OL: What needs to happen for remote work to advance to the next level, to the point where more people are working remotely part-time or full-time?
SB: It's a changing of the guard. Tech enables and equips all smart, strategic decisions, but at the end of the day, awareness needs to be improved. There's a lot of great tech to make remote work already, and the challenge isn't technological. We need a strategic and cultural shift, and there aren't many people who've grown up or managed in the remote working environment. As a result, there are a lot of myths about remote work that need to be broken, which technology can help do. It is a strategic consideration and problem, and when there's a changing of the guard, which is generational, it will happen at a larger scale.
This shift is already beginning with a new generation of people coming into the market. Millennials and Gen Z have different expectations and have grown up in houses where their parents weren't around for important events, and they don't want the same for their life and their family. The shift represents a reaction to the generation before us, in good and bad ways.
If there is a recession and a rise of the worker coming, we'll see these trends start happening faster. There's been a lot of power with the employer for a long time to hold wages steady and pull back on benefits as hiring people has become more competitive, and businesses have to lean in and create environments that work for the people who they're employing. All of those are the things that will drive the change and, when that happens, you need the best technology to equip it, and that's where collaboration and communication tools can help.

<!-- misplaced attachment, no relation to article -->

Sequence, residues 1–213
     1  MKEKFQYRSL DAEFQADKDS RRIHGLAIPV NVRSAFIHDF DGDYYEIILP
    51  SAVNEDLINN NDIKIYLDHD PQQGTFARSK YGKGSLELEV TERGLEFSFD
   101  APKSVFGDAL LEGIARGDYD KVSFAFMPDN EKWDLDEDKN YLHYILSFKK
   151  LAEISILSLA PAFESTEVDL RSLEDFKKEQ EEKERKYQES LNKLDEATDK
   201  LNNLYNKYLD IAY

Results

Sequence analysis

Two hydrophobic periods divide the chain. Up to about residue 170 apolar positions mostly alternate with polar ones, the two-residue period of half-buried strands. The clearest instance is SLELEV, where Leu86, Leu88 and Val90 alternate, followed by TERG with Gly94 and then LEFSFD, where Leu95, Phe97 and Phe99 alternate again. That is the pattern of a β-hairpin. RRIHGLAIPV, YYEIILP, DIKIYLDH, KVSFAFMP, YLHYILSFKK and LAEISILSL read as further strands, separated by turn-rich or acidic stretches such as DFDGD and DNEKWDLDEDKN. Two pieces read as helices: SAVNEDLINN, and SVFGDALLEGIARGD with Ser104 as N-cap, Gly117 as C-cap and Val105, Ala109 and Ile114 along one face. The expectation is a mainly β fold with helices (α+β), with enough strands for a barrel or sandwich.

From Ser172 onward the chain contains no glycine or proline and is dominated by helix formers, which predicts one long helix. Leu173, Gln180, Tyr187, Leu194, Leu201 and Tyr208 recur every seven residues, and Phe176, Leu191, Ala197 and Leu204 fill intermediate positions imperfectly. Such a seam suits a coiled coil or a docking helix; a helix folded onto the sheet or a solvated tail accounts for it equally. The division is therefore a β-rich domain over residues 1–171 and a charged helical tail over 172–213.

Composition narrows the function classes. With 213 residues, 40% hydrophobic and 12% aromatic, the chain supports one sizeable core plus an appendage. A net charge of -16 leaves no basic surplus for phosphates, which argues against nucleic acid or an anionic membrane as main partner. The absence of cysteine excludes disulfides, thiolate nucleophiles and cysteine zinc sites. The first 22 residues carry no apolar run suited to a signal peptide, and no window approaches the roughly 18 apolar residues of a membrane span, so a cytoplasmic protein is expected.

OL: What do you think the future of work will look like ten years from now and how does remote work fit into that?
SB: Ten years from now, I think we'll see more and more flexible remote work, but it'll be done better. We will have gotten our heads around things like burnout and expectations by then.
We're in a transition period of remote working right now, which is why people don't quite know how to manage some of the minutiae of remote work. I do think the biggest change in ten years will be that the worker, the talent, and the producer of work is going to have more authority than the employer. It's happened so fast that we may not have realized it, but whether it's bringing your own device or setting up flexible hours, small changes like this will continue to accelerate the rise of the worker. The best employers will be prepared for that future and planning for it now.
OL: There are tons of great tech jobs out there and people will leave if they're not happy with leadership or policies or partnerships, and we've started seeing that with customers leaving companies they're unhappy with, too. I hope the future holds that rise of the worker because it ends up creating a more equitable world for the customer, too.
SB: The one thing I always tell everyone I work with, my family, and my friends is that too often, people stay in jobs they're not happy with and give too much power to the employer. Under the current model, if your boss isn't happy with your work, they put you on a 90-day performance improvement plan and terminate you if it doesn't work. This model needs to be flipped, or at least, move from a one-way road to a two-way street.